• You run the risk of burning yourself. BE CAREFUL!!! Be sure that the gloves you use are up to grabbing a hot grill grate and holding it for a minute or so. El Cheapo thin gloves need not apply. In my case, I had already used these same leather welders gloves to remove a hot Platesetter from one of my Eggs, so I knew it could handle this task. When I did this for the first time, I was removing the hot grill grid to add food to it, so I was working with an empty grill grid. This was a bit of a proof of concept run. I was able to see how easy it was to grab the grill grid and remove it from the AR and get it off the Egg. I didn’t have to worry about losing food off the grill grid.
  • This might not work as well for a grill grid that is really packed with food. It would be more difficult to grab and handle. This isn’t a big problem for me because I don’t try to over crowd my grill grids.
  • This might not work as well with heavy items. This technique worked well because the chicken wings were light and didn’t add much weight to the grill grid. Nor did they affect the balance of the grill grid like heavier items could. If I was cooking heavier items I would go back to removing the entire AR vs. just the grid. Even though it is heavier this way, the top shelf rim doubles as a handle and makes the assembly easy to handle.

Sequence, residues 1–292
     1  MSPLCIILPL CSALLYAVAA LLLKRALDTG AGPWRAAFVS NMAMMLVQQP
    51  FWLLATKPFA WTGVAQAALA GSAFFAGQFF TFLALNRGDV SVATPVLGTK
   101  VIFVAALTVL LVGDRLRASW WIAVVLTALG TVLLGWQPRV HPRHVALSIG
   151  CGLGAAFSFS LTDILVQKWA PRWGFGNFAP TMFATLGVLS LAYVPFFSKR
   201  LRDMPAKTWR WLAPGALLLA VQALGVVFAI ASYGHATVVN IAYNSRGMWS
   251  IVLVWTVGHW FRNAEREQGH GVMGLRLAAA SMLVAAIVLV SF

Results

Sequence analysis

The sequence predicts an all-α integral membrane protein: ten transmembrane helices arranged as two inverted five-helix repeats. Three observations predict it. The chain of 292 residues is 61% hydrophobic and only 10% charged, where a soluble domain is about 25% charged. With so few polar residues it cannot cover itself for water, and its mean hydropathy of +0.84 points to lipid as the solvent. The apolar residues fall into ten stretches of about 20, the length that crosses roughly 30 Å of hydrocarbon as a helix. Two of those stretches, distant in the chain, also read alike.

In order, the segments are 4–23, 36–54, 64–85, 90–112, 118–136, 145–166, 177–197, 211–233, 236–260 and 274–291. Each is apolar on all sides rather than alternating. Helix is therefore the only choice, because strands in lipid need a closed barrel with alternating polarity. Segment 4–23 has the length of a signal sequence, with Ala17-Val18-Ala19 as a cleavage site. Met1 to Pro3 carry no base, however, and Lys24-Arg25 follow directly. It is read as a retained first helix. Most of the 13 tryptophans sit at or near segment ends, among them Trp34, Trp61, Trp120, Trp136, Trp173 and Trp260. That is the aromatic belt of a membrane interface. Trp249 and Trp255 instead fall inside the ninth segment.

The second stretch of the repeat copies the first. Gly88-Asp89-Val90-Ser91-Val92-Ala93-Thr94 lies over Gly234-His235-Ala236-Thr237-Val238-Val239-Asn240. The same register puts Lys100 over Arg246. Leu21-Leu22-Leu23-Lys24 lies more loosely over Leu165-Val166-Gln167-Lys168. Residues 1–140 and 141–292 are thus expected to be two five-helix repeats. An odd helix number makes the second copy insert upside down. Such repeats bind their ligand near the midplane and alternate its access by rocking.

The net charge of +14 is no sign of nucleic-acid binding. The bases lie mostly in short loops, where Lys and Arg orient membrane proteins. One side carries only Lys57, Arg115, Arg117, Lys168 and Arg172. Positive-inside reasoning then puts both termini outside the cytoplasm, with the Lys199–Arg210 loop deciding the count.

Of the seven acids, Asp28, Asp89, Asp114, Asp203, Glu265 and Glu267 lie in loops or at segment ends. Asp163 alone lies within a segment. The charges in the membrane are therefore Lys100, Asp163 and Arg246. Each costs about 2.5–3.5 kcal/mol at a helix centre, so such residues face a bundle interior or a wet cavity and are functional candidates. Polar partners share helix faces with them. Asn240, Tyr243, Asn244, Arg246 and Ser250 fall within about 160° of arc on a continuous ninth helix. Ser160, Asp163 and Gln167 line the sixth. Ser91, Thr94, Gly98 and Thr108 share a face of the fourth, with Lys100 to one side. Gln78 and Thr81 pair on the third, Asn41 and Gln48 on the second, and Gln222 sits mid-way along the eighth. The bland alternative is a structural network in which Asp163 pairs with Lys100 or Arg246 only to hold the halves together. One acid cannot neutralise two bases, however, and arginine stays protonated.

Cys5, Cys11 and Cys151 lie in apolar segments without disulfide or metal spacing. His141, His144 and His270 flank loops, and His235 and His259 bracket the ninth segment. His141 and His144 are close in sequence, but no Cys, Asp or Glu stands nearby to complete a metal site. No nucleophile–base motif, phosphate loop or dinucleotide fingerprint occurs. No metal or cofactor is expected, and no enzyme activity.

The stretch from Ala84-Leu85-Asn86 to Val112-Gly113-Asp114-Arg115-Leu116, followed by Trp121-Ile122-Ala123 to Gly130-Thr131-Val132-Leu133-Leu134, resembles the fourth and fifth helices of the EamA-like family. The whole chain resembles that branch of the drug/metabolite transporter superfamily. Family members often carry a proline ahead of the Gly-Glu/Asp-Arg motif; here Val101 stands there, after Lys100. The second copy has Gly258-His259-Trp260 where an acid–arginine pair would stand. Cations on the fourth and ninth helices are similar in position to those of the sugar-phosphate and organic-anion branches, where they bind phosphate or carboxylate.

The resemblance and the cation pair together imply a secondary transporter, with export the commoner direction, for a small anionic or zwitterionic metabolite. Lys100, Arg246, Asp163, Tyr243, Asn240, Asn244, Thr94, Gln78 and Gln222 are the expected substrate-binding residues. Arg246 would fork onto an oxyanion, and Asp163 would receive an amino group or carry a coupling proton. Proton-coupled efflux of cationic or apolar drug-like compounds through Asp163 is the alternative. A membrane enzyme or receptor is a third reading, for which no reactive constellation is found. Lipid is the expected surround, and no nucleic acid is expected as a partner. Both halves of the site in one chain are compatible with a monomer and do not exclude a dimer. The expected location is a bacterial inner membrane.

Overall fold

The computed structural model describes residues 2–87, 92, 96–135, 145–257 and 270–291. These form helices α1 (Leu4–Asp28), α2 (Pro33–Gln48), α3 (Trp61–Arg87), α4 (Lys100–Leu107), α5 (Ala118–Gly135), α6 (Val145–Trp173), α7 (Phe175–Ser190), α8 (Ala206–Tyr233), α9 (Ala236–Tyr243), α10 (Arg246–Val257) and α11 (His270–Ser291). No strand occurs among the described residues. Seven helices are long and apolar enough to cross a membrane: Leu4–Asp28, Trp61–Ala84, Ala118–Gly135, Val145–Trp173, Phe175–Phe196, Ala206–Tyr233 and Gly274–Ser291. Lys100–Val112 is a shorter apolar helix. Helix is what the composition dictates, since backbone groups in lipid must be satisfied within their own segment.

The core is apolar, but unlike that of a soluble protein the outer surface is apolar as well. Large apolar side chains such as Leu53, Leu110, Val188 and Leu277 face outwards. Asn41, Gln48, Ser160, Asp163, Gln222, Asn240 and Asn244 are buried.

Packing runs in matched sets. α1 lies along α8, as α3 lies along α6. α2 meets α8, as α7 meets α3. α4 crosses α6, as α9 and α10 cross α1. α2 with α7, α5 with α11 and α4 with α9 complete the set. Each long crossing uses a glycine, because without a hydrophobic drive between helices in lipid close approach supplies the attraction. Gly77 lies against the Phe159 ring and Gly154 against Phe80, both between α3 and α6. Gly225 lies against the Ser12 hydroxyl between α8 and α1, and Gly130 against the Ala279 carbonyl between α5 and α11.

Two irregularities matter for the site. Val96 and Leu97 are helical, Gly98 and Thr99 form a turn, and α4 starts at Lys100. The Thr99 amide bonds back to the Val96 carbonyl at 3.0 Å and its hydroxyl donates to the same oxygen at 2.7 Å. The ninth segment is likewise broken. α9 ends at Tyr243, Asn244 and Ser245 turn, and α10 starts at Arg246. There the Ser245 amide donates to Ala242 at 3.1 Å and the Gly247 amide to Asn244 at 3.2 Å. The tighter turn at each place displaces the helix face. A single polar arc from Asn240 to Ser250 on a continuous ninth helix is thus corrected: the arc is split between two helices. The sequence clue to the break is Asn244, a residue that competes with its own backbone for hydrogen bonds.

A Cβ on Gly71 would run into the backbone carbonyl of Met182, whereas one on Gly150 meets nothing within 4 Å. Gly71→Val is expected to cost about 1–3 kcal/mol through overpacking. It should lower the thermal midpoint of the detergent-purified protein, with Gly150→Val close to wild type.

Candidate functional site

• I will have to wait for the cold weather to see if there are any issues caused by having the food out in the cold air while you are turning it or working with it. It may extend the cooking time, but that remains to be seen.
  • Be sure to protect your work surface from heat. The piece of Corian I use serves to protect the granite counter top from the high heat. The sheet pan served to elevate the grill grid so the food wasn’t directly touching the Corian piece and further protected it from some of the heat.
  • Be sure to protect the counter top from food drippings. I laid down a large piece of aluminum foil to catch any food drippings from partially cooked chicken and protect the counter top. The sheet pan also served this purpose, but wasn’t as big as the grill grid which is why I also used the foil.

I seem to have stumbled on to a couple unexpected solutions to real world problems. They’re not something you might run into in a text book, but going by the book isn’t always going to offer you solutions to quirky little problems. So give one or both of these solutions a try and let me know what you think. Leave comments here about what you liked or didn’t like about these solutions. If you have any improvements or other ideas please let me know.

Here are links to Stump Chunks and the Adjustable Rig were covered in previous full length blog entries.

Stump Chunks:

   STUMP CHUNKS FIRE STARTERS 2015 Blog Entry about my first impressions and my early experiences using Stump Chunks fire starters.


The Adjustable Rig:

   THE ADJUSTABLE RIG - FIRST IMPRESSIONS 2014 Blog Entry about the Adjustable Rig, a combination of my unboxing type impressions and my early experiences.
   GETTING TO KNOW THE ADJUSTABLE RIG 2014 Blog Entry about my first four months using Adjustable Rig including some unexpected and pleasant surprises.
   AR RAISED INDIRECT BAKING - FIRST IMPRESSIONS 2014 Blog Entry about my first attempt at baking raised indirect on the Rig Extender at Level 7.5 of the AR.
   ADJUSTABLE RIG-SEEING DOUBLE 2014 Blog Entry about my rationale behind getting a second AR for use on my baking Egg..